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Seminar Seeks to Stamp Out Racism on Campus

By Rishi Shrivastava
Staff Reporter

The Office of the Dean for Undergraduate Education and Student Affairs sponsored a seminar called "Eliminating Racism" last Saturday.

The seminar aimed to help students and staff deal more effectively with race relations and to strive towards eliminating racism on campus, said Ayida Mthembu, assistant dean for counseling and support services. "We are training students to conduct these seminars for the future," Mthembu said.

Only 13 students attended the 7-hour seminar in the Black Students' Union room in Walker Memorial. The low turnout was a disappointment to organizers and participants.

Despite the low turnout, seminar participants were pleased by all they accomplished. "I thought it was pretty good. It was very conducive to the discussion," said Teresa Lau '95.

"Not only was it instructional and educational," but it also provided "an educational experience with something we can actually go out and apply," said Interfraternity Council President Prashant B. Doshi '95.

"It was good for people to talk about this stuff," said Pamela Prasarttongosoth '97.

Staff members of the Dean's Office ran the seminar along with other staff members from area universities. Susan D. Allen, adviser to student activities, and Mary E. Ni, assistant dean for residence and campus activities, attended the seminar.

Matt Ouellett, who works at the University of Massachusetts at Amherst, was also very pleased with what the seminar accomplished. It was "a great beginning to bring people together about anxious topics. People really hung in there and brought a lot of things out," Ouellett said.

Participants discuss heritage

After introductions, the seminar participants learned definitions and divided into groups based on their ethnic affiliations. These groups then answered questions like: What do you like about your heritage? What do you dislike about your heritage? What comments do you not want others to make about your ethnicity?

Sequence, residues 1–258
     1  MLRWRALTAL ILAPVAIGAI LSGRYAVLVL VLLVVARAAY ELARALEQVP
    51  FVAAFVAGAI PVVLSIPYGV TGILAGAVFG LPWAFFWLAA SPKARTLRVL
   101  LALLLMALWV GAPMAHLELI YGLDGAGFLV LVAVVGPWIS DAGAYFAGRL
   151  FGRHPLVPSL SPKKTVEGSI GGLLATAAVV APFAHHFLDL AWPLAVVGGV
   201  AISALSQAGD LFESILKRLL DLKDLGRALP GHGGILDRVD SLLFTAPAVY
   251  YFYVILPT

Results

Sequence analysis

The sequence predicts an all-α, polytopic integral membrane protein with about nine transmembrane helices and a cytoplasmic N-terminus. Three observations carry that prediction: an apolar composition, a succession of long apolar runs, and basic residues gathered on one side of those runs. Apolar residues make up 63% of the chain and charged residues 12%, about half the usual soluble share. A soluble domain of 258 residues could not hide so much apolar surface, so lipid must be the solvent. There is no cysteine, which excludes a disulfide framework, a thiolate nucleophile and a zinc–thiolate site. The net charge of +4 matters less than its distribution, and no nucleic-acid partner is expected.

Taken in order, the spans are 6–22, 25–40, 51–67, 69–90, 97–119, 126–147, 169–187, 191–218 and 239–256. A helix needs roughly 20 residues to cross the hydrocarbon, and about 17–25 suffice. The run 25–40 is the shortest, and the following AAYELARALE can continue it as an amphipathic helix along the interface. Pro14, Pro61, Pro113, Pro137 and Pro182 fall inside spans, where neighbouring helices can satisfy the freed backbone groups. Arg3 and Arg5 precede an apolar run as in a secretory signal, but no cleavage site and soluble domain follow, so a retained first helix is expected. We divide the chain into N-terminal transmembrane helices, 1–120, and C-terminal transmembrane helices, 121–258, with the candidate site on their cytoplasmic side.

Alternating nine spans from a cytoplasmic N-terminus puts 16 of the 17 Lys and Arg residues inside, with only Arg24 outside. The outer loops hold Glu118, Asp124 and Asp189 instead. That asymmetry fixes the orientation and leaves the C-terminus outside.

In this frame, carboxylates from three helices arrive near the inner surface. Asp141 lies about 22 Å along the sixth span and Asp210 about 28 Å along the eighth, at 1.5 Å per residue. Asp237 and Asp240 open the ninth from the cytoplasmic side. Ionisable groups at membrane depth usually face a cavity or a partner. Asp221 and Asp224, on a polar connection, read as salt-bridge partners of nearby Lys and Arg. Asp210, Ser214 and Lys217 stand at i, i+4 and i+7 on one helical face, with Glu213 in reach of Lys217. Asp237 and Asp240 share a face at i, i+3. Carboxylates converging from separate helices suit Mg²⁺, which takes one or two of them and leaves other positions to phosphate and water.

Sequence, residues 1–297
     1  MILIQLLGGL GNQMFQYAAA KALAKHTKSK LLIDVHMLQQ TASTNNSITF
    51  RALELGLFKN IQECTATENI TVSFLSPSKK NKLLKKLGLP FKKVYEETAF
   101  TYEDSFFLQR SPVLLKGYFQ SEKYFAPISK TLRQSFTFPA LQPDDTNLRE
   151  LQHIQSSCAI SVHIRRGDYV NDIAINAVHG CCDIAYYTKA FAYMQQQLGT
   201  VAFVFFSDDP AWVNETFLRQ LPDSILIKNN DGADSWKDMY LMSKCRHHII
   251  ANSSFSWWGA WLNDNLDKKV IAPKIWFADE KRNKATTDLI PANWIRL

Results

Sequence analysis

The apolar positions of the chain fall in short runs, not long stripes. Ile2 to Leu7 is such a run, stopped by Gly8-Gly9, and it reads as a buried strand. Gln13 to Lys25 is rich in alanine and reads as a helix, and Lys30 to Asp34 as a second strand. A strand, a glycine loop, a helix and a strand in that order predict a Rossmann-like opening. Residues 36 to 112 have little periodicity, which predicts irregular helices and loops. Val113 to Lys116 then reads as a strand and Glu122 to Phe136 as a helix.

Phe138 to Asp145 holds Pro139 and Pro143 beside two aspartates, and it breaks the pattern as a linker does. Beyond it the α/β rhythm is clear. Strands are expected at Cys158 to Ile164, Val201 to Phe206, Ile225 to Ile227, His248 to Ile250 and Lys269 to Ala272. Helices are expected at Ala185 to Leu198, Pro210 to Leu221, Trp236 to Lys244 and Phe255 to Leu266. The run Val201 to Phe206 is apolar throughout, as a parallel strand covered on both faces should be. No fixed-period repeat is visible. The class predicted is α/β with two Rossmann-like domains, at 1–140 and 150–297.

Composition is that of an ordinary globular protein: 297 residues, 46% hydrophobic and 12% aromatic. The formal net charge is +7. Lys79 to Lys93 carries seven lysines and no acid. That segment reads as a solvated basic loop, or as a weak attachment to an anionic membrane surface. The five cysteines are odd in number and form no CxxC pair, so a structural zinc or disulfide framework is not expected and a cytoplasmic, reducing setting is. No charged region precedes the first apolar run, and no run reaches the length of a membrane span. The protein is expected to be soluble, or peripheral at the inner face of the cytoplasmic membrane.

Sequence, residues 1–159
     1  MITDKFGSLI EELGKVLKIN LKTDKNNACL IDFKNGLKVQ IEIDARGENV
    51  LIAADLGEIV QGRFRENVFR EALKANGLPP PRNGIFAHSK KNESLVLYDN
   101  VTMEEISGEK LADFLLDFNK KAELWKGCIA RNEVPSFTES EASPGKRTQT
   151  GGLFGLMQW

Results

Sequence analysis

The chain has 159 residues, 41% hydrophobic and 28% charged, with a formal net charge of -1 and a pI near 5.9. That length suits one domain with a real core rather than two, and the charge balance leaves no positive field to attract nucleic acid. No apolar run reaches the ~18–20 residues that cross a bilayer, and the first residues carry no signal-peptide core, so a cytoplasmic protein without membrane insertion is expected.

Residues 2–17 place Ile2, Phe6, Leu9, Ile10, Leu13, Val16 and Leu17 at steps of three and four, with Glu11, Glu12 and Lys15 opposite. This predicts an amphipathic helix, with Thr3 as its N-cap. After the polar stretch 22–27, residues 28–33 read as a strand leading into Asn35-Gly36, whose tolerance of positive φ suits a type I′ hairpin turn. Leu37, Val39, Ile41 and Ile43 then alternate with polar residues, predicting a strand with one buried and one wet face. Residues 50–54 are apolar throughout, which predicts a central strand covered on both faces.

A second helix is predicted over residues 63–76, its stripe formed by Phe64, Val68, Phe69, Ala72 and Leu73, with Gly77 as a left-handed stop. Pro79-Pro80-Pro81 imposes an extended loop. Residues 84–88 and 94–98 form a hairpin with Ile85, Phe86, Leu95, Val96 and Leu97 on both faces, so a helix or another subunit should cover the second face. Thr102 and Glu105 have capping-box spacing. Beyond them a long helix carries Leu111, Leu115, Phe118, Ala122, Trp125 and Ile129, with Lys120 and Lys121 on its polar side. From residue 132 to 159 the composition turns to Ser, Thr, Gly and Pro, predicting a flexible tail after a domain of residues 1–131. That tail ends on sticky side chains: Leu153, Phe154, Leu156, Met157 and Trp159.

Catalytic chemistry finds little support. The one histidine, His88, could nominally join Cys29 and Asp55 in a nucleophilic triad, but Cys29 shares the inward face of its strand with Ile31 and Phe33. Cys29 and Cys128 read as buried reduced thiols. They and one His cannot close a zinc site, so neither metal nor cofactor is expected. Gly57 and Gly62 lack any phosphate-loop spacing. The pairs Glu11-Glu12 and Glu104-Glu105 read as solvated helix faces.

The African American and Hispanic groups said they prided themselves on their culture, history, food, forms of communication, and creativity. The Asian American group, which included an Indian American, valued their history of strong women, intelligence, and food.

The groups also talked about what they did not like within their own cultures. African Americans were concerned discrimination within the African American community based on differences in shades of skin color, materialism, and being perceived by others as experts on racial prejudice.

Asian Americans felt that sexism, pressure to achieve, and lack of open communication were problems in their cultures. The Caucasian group said other people often express racist comments about minorities and expect them to agree. They said this expectation made them uncomfortable at times.

The seminar concluded after participants answered a set of three questions: What would the ideal MIT look like? How can race relations on campus be improved? What idea would you like to work on to improve race relations?

Staff members and students overwhelmingly agreed that the turnout was low. "There wasn't any diversity. There was only one Black student, one Latino student," Prasarttongosoth said.

Doshi also felt more people should have attended. "I wish more people would make a little more time in their schedules. If not at least for the academic experience, then at least to meet other people with an interest in similar issues," Doshi said.